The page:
The textile players are expected to record a substantial fall in their topline and operating profits due to weak export as well as domestic demand in the first half of the financial year, India Ratings and Research (Ind-Ra) said on Wednesday. The continued lockdown in April 2020 (from late March) has impacted the entire textile industry and disrupted exports, Ind-Ra said in a report.
The export demand will be weak until H1 FY21, till the economic recovery of the US and Europe, which are the major hubs for Indian products, it added.
Further, the domestic demand as a discretionary product is expected to pick up gradually in Q2 FY21, but will be lower than a normal year demand, it said.
For FY21, the rating agency expects the textile players to record a substantial fall in their topline and operating profits.
The report said cotton prices continue their downward trend amid a declining demand and the spread of COVID-19, leading to lower consumption and thus disruptions in the global supply chain.
They fell by 2.3 percent month-on-month and 11.3 percent year-on-year in March 2020, on account of reduced offtake by mill owners which are facing the heat of production disruption and excess inventory amid the spread of the coronavirus.
However, Cotton Corporation of India continues to hold up the stock (30 percent of total arrivals) and may support the current prices over the short term.
The agency expects the prices in FY21 to correct by 5-10 percent, owing to a sharp fall in international cotton prices amid a reduction in the consumption levels by 6.4 percent for the current season.
The current global lockdown in major economies of the world has also led to a loss in the spinning capacities of three-and-half weeks or about 16 percent of the expected global capacities of March.
The pandemic situation is also impacting the supply chain of the cotton sector, it said, adding that while Chinese cotton mills’ spinning fell by up to 90 percent during the peak of crisis in early March, the recent resumption of spinning and manufacturing activities provides a hope of limiting the impact on the segment for the marketing year.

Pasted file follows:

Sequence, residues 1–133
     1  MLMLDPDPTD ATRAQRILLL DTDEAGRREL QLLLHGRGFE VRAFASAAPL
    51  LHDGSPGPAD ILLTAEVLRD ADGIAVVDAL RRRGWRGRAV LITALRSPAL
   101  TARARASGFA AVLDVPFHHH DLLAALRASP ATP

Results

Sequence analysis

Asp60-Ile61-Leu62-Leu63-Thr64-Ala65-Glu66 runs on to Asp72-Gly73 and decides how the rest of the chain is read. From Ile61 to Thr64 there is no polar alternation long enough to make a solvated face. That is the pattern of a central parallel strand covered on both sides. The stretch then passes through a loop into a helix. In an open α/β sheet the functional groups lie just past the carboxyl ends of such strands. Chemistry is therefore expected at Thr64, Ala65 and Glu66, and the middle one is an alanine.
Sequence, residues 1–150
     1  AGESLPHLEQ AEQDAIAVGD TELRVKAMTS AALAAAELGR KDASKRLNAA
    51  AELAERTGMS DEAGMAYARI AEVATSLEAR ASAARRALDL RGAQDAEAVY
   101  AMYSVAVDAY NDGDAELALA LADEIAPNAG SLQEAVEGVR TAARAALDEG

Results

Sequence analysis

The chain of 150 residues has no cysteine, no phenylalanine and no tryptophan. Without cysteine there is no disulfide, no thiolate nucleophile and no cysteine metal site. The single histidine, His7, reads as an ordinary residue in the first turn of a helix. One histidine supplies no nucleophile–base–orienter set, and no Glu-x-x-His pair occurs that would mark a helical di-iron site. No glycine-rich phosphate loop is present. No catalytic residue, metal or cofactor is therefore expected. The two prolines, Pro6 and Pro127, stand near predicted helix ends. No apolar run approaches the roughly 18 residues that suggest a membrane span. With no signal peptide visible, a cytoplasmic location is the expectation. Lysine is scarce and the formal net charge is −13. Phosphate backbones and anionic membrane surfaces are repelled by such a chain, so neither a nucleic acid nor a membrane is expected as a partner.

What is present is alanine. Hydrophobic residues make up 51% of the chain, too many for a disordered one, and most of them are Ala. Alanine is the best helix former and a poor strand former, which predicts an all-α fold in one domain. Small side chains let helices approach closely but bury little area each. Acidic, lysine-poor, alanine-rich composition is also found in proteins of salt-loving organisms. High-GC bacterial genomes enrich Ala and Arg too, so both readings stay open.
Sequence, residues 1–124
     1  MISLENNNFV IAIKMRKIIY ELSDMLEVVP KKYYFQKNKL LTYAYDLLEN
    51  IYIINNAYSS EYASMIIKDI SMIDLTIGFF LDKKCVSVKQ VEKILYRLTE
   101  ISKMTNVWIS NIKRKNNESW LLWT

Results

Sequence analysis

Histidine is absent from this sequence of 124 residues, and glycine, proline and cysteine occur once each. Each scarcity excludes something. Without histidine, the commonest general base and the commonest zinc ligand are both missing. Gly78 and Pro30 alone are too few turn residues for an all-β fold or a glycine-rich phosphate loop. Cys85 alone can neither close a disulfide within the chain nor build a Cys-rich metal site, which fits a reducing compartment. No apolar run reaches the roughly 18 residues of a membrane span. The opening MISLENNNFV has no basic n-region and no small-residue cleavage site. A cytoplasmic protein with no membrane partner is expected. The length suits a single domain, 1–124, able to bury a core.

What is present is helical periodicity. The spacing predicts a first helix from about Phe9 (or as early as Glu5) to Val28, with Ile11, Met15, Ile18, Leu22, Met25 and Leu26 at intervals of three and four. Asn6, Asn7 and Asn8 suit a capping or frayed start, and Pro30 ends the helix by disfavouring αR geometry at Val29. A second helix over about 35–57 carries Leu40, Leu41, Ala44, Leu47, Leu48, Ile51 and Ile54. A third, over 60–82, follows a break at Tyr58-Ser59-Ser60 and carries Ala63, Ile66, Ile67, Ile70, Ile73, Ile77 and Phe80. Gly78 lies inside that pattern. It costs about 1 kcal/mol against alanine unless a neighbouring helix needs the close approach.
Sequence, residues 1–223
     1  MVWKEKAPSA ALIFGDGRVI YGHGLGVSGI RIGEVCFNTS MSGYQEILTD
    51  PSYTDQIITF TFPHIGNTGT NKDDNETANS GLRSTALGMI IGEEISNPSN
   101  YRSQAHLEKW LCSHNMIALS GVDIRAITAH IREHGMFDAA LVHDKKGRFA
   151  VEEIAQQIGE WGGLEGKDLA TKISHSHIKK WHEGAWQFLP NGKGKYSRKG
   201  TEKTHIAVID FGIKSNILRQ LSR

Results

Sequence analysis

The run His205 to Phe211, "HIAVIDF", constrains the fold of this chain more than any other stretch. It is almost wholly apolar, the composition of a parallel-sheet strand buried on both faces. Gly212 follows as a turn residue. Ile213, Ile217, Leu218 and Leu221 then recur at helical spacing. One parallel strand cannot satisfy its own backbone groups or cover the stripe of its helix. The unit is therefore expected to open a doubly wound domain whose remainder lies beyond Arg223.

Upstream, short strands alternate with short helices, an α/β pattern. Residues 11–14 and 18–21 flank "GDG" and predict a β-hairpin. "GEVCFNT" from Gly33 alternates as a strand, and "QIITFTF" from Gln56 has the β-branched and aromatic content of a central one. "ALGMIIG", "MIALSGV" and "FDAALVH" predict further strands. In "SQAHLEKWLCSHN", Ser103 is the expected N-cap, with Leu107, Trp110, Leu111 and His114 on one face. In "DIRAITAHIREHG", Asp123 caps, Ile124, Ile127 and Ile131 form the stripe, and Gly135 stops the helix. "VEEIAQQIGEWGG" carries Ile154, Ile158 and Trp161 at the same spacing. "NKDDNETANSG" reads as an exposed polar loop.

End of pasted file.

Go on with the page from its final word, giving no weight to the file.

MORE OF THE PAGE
Meanwhile, with around 50 percent drop in the global oil prices in March-April 2020, companies in the man-made fibre segments are staring at inventory losses as there will be limited pricing power in the short-run.
The working capital cycle may remain stretched with an elongation of receivable cycle and higher inventory volumes, it added.
The operating profitability could be impacted by 25-30 percent in FY21 compared to last financial year due to lower gross margins and negative operating leverage.
Fabrics players witnessed lower production in March, on the back of a lower downstream demand and disruptions on account of the current crisis.
During the first 11 months of FY20, the production of knitted fabrics fell 1.2 per cent y-o-y, which is expected to decline substantially in FY21.
Manufacturers of apparels and ready-made garments have been grappling with a lower domestic demand and disruptions in the physical supply chain across the globe.
Spending on clothing is highly correlated to household incomes; with unemployment in the US rising at unprecedented rates, the agency expects a persistent weak consumer demand to impact downstream production.
Global retailers are responding to rapid declines in consumer spending by reducing and cancelling orders for textiles and apparels.
The agency expects exports from India to fall by at least a quarter in FY21 for the fourth consecutive year.
While major retailers have deferred orders or cancelled them, the need for innovation and ability to shift to new product lines would be the key monitorables.
The industry has witnessed players switching capacities to manufacture medical masks, personal protective equipment, wet wipes, and advanced textile fabrics to mitigate fixed costs and negate the reduced export demand, the report added.